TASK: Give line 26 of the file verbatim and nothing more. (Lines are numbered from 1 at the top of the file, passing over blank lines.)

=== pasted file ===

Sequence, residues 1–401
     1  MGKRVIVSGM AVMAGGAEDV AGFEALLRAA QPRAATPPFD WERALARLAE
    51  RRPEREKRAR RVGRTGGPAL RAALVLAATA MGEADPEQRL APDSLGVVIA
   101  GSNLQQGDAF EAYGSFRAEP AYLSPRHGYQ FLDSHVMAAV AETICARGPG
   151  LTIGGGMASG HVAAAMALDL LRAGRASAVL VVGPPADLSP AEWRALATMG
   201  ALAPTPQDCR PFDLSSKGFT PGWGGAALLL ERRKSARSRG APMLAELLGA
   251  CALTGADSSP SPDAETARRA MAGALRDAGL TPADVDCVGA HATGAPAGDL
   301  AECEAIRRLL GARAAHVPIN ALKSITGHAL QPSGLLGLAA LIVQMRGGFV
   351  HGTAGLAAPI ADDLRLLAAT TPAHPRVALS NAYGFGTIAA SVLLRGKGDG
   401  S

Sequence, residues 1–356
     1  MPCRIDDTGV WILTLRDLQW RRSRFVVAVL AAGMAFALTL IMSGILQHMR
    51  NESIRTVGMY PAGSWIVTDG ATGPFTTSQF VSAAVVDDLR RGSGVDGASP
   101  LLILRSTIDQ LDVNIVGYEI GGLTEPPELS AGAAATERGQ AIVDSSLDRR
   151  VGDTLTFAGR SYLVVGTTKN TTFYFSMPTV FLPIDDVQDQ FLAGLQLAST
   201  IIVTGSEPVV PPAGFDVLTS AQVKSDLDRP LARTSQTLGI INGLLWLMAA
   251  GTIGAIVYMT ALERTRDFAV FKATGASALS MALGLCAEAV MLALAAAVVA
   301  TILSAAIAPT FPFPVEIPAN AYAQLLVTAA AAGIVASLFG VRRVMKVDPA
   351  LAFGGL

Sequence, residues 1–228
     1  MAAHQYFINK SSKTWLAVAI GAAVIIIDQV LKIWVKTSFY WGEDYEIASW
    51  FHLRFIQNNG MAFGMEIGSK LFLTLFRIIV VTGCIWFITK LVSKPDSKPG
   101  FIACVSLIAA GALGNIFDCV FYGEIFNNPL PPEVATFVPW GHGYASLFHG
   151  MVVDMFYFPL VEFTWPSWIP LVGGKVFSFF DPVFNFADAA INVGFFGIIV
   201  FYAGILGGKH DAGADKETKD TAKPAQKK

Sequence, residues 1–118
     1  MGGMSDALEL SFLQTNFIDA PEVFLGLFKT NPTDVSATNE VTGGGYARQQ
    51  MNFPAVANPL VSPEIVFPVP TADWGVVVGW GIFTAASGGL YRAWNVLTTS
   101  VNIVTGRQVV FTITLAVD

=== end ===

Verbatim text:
Sequence, residues 1–118